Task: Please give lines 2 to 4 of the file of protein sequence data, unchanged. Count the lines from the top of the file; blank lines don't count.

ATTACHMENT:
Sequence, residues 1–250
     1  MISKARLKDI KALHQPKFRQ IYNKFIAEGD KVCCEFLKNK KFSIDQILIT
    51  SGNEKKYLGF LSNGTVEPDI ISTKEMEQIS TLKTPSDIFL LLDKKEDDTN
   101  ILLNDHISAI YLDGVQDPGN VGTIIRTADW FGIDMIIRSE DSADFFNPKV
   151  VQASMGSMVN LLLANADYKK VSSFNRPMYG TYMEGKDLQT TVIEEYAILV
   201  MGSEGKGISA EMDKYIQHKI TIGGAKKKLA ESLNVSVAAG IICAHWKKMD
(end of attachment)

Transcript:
     1  MISKARLKDI KALHQPKFRQ IYNKFIAEGD KVCCEFLKNK KFSIDQILIT
    51  SGNEKKYLGF LSNGTVEPDI ISTKEMEQIS TLKTPSDIFL LLDKKEDDTN
   101  ILLNDHISAI YLDGVQDPGN VGTIIRTADW FGIDMIIRSE DSADFFNPKV